The purpose of this study was to compare photodynamic therapy (PDT), ranibizumab, and ranibizumab with PDT in polypoidal choroidal vasculopathy.
In this retrospective comparative study, 30 eyes of 30 patients with polypoidal choroidal vasculopathy were assigned to 1 of the 3 groups. The patients in Group 1 (n = 11) received 1 session of PDT. The patients in Group 2 (n = 10) received 3 monthly intravitreal injections of 0.5 mg ranibizumab, and the patients in Group 3 (n = 9) received 1 session of PDT and 3 injections of 0.5 mg ranibizumab. Retreatment, with the same therapeutic scheme in each group, was considered in case of leaking polyps on the indocyanine green angiography in Groups 1 and 3 and persistence or recurrence of subretinal fluid, intraretinal fluid, and/or hemorrhages in Group 2.
All the patients completed 12 months of follow-up. The visual acuity in the patients of Group 1 improved by 0.25 logarithm of the minimum angle of resolution units (P < 0.001), whereas the differences in the visual acuity in the other 2 groups were not statistically significant (0.04 logarithm of the minimum angle of resolution, P = 0.8118 in Group 2 and 0.18 logarithm of the minimum angle of resolution, P > 0.05 in Group 3). Of the patients in Group 1, 45.45% gained more than 3 lines (P = 0.0056), whereas no patient in Groups 2 and 3 experienced such a difference. No patient in Group 1 and 11.1% (n = 1) in Group 3 had angiographically evident polyps at 12 months, whereas 90% (n = 9) of the patients in Group 2 had persistent leakage. No extensive submacular hemorrhage or other complications were noted during the follow-up period.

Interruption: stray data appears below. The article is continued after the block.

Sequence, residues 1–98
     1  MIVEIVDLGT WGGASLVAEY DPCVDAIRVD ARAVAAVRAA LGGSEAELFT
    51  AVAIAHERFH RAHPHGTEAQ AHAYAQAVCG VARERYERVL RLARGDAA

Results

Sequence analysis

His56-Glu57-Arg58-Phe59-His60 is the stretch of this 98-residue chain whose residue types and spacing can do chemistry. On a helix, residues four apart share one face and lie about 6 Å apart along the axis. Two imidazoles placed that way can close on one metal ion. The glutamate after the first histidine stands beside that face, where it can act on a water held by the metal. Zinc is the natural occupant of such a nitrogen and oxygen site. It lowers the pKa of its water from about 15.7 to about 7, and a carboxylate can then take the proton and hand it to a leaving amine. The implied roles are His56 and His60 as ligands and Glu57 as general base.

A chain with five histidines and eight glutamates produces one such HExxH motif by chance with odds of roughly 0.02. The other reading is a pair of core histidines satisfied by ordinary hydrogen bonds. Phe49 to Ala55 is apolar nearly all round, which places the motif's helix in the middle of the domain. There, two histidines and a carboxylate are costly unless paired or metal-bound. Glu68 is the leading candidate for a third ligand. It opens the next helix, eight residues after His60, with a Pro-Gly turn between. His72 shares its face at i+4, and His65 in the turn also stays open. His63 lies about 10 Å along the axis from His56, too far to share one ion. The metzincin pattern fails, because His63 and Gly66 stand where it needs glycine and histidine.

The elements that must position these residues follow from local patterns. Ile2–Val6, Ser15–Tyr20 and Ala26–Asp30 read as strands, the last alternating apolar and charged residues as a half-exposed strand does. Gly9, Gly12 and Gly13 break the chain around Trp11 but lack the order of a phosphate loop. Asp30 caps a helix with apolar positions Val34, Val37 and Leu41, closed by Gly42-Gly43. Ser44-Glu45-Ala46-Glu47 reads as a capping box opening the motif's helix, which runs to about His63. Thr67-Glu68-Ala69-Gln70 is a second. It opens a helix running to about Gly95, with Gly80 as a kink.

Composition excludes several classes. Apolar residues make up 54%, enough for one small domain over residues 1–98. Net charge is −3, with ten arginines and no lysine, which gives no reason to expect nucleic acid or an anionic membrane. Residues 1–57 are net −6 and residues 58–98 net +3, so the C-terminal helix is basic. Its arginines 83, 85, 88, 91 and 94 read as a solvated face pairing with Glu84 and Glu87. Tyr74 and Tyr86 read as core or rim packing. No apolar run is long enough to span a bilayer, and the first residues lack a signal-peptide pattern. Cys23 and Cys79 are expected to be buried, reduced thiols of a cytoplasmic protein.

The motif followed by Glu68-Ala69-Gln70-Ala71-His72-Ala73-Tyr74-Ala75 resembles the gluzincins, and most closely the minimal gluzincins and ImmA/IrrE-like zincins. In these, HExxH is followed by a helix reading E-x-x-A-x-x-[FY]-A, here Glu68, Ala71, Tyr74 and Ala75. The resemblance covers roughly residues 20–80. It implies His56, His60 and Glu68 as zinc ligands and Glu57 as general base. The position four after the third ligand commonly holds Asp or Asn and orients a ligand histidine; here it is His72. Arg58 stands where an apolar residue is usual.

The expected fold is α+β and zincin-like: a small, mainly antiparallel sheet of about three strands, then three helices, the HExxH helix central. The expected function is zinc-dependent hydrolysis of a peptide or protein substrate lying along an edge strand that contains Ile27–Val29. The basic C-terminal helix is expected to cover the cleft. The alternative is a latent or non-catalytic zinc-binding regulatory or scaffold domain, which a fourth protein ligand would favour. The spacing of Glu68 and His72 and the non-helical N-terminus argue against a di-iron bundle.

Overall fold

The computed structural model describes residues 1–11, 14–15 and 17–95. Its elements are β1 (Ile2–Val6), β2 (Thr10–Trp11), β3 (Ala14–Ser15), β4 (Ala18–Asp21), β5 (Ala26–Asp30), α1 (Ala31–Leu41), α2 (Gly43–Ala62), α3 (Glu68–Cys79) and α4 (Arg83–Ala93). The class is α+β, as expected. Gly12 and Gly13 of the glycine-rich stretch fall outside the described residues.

Photodynamic therapy resulted in a significantly better outcome at the end of the follow-up, whereas the patients who received ranibizumab or PDT and ranibizumab experienced a stabilization of the disease.
In this retrospective study, ranibizumab alone and with photodynamic therapy resulted in stabilization of polypoidal choroidal vasculopathy, whereas photodynamic therapy resulted in a significantly better outcome at the end of the follow-up.
From the *2nd Department of Ophthalmology, Medical School of Athens University, Athens, Greece; †Massachusetts Eye and Ear Infirmary, Harvard Medical School, Boston, Massachusetts; and ‡1st Department of Ophthalmology, Medical School of Athens University, Athens, Greece.
A.A.R. and T.D.P. contributed equally to this work.
The authors have no proprietary interest in the subject matter of the presentation.
Reprint requests: Alexandros A. Rouvas, 2nd Department of Ophthalmology, Attikon University Hospital, University of Athens Medical School, 1 Rimini Street, Haidari, Athens, Greece; e-mail: firstname.lastname@example.org